Pandas Honey Walnut Shrimp

(makes 4 servings)

1/2 cup water
1/2 cup sugar
1/2 cup walnut halves
oil for frying
1 pound shrimp (peeled and deviened)
1 egg white
1/2 cup corn starch
3 tablespoons mayonnaise
1 tablespoon honey
1/2 tablespoon sweetened condensed milk
1 tablespoon lemon juice

Honey walnut shrimp Directions:

1. Bring the water to a boil and stir in the sugar.
2. When the sugar water turns golden add the walnuts and boil for 2 minutes.
3. Strain the walnuts and set them on parchment paper to cool.
4. Heat the oil in a pan.
5. Dip the shrimp into the egg and then into the corn starch.
6. Fry the shrimp in the oil until golden brown
7. Mix the mayonnaise, honey, sweetened condensed milk and lemon juice in a bowl.
8. Add the shrimp and toss to coat.
9. Serve the shrimp garnished with the walnuts.

How to Refinish a Bathtub


How to Refinish Bathtubs

How to refinish a tub

You want to refinish your bathtub because you want to change it’s color or just cant clean it anymore and very dull of age of cleaning .You can also choose to refinish it because it’s stained or chipped. Refinishing the surface of your existing bathtub, instead of buying and installing a new tub, is a less expensive way to make a tub look new. This article explains how to refinish bathtubs.
Steps of bathtub refinishing:
Replacement: Tear out your existing tub/shower and replace will cost you around $3500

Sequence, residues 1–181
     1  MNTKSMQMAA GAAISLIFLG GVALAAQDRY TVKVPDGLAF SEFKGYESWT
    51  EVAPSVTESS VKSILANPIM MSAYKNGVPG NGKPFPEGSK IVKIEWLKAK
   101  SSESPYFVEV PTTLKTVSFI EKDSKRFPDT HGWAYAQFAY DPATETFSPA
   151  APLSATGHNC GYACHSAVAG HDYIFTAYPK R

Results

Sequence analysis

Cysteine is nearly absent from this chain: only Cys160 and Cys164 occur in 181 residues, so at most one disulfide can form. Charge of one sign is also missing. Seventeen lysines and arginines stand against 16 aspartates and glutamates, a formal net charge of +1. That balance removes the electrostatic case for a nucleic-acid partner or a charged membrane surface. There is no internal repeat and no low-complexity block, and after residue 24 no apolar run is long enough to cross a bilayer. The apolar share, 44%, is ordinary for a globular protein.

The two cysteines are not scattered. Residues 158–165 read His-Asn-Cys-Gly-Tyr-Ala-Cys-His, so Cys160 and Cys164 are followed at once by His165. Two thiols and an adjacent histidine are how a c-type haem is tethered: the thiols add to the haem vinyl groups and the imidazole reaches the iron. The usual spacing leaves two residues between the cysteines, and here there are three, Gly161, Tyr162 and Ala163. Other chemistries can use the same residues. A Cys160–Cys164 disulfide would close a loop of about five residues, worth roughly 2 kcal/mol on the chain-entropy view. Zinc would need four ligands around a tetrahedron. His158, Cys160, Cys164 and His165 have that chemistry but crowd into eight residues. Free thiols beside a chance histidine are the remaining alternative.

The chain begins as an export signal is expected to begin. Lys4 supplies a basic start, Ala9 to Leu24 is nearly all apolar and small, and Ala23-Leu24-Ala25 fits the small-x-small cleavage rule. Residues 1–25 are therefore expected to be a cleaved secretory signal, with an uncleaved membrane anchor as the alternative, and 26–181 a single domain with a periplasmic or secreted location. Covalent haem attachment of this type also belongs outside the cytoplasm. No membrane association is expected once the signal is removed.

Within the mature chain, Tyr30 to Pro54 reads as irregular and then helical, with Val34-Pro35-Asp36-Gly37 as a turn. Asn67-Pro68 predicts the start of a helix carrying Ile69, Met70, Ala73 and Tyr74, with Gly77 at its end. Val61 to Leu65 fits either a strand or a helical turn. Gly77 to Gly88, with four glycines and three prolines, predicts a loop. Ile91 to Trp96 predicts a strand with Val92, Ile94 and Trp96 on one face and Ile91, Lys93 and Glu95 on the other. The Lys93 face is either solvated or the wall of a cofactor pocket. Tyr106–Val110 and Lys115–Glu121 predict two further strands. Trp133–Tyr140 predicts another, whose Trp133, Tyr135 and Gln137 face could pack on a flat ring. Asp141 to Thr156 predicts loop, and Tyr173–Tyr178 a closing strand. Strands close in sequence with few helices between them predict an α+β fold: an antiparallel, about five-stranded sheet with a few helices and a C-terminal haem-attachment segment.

Refinishing: Refinishing hire bathtub refinishing company . DIY is great for many things, but it is virtually impossible to do a decent bathtub refinishing job by yourself. Porcelain, fiberglass, and cast-iron tubs can all be refinished.
Tub Liners: At prices equal to or greater than refinishing, bathtub liners are not the bargain option. But they are almost full price of replacement, and unlike refinishing, you never worry about the finish wearing away.
DIY Refinishing: Worth mentioning as something you probably do not want to take on.
Nearly impossible to achieve a smooth finish, and DIY finishes will begin to peel and
chip soon after. This is best left to professional bathtub finishers .

Preparing Bathtub Surface

  1. Clean the entire surface of the bathtub with chemical cleaners to remove any soap scum and dirt residue. The chemical cleaners will also help the bonding agent adhere to the surface.
  2. Rinse and dry all surfaces thoroughly.
  3. Use a palm sander to gently roughen the surfaces you plan to refinish to make it easier for the paint to bond with the surface.
  4. Tape paper or plastic over any surfaces you do not want to paint. Keep in mind that you’ll be painting with a spray gun, so you may want to cover a larger than you would if painting with a brush.
  5. Use a spray bottle to apply a bonding agent before painting if your bathtub is porcelain. Allow 5 minutes for the bonding agent to dry.

Refinishing Bathtub steps

  1. Prepare the primer according to the package instructions. Pour the primer into the paint pot of the spray gun. Attach the paint pot to the spray gun.